Europe’s incentives a boon for silicon anode developers, but scale limits could affect growth

Financial incentives for companies developing silicon-based anodes in Europe are helping to support the sector, but the focus on innovation, not scale, risks them falling behind North America, experts told Fastmarkets

The battery industry is paying increasing attention to silicon-based anode materials because battery raw materials demand and the need for innovation in battery technology for the world’s net-zero transition and the boom in electric vehicles (EVs) has increased markedly.

Adding silicon to the anode of a lithium-ion battery increases energy density.

But silicon’s susceptibility to degrade during the charging and discharging cycle means it has historically been constrained to only being added in supplementary quantities to anodes made from graphite.

But recent scientific progress has helped catalyze silicon anode development across the world, including in North America and Europe.

Both are laggards behind China in terms of battery raw materials production and expanding silicon anode output.

Geopolitical tensions between the US-aligned Western world and China have seen a drive for the West to secure reliable supplies of the battery raw materials that China currently dominates.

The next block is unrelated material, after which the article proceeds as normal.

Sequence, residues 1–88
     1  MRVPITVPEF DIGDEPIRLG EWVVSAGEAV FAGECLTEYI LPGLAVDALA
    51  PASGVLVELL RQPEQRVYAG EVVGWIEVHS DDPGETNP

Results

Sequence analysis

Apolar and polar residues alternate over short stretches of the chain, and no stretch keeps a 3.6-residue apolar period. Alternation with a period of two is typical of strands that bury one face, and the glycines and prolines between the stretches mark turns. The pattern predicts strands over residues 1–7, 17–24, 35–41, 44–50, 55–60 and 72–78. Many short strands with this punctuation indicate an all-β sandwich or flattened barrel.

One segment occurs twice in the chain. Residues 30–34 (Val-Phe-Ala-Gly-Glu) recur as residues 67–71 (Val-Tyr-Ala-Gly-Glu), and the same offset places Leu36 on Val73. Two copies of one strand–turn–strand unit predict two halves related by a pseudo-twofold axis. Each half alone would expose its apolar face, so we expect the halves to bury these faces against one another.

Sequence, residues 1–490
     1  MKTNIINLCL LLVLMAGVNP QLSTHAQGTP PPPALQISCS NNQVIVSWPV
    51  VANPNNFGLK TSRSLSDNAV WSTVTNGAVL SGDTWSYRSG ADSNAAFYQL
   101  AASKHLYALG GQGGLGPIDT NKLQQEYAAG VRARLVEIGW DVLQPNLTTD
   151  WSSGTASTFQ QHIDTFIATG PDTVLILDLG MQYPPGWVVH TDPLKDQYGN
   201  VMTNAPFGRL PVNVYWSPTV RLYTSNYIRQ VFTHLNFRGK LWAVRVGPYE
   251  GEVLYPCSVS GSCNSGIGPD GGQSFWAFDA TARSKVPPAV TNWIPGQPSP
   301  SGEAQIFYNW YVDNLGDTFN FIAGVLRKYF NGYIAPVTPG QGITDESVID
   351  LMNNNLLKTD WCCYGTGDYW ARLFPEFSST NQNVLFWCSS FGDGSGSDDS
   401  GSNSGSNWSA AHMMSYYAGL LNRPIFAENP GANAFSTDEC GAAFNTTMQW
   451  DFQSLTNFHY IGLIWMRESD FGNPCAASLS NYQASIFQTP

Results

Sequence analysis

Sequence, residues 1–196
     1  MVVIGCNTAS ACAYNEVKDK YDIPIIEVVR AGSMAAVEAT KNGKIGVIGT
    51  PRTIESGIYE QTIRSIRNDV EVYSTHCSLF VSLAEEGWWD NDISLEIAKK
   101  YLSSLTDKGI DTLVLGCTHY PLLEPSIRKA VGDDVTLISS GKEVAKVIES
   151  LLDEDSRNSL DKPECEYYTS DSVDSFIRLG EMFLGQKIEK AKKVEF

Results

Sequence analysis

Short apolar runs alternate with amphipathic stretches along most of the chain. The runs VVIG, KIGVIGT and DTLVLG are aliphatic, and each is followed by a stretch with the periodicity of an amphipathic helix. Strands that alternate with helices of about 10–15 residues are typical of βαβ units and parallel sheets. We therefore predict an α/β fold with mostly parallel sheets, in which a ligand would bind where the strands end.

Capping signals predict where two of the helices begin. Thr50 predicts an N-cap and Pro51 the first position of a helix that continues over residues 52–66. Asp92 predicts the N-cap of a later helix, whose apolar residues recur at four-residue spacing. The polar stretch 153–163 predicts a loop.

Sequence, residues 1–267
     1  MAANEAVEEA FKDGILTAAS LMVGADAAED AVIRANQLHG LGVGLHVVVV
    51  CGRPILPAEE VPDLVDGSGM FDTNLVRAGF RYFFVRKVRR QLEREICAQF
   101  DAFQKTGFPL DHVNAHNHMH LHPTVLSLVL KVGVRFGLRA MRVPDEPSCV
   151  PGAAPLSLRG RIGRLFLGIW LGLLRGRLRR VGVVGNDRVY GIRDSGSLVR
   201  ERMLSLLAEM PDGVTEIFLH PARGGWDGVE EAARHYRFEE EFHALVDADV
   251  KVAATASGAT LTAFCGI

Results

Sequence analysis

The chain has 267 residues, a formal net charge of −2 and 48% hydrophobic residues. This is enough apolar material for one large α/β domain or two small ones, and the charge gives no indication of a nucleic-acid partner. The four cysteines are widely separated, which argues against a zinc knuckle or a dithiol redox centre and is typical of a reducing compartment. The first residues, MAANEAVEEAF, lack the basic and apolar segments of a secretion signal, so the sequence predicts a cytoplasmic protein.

Incentivizing silicon anode production

In the US, Amprius, Group14 Technologies and Sila Nanotechnologies announced they were set to receive grants from the Department of Energy totaling $250 million to invest in silicon-based anode production and innovation.

Incentives offered under the US Inflation Reduction Act (IRA) have also proved a boon for graphite anode material producers.

Meanwhile, in Europe, the European Investment Bank (EIB) has offered venture debt to innovative battery developers.

Among other recipients, the EIB in January 2024 announced a €20 million ($21.4 million) loan to US company GDI, which has an affiliate in the Netherlands and plans to produce silicon anode at an industrial scale in Germany.

And in 2022, Dutch company LeydenJar announced €30 million in EID debt funding to help build its €60 million, 100 MWh silicon-based anode foil producing facility.

Another silicon-based anode developer to receive EU funding is Netherlands-based E-Magy, a nano-porous silicon-based anode material developer.

A spokesperson told Fastmarkets the company has received funding “across a number of R&D programs […] specifically from EIT Raw Materials and the Dutch National Growth Fund.”

Asked about the benefits of the company’s European base, the spokesperson pointed to the proximity to existing metallurgical silicon metal producers. They said proximity allows “improved logistics and the ability to collaborate technically, locally.”

E-Magy benefits particularly from this owing to its use of metallurgical-grade silicon as opposed to projects which use other precursor materials, less widely produced in Europe.

Though Europe does import some silicon metal from China, the region has significant and established silicon metal and chemical producers. But only some of these supply materials to the anode sector.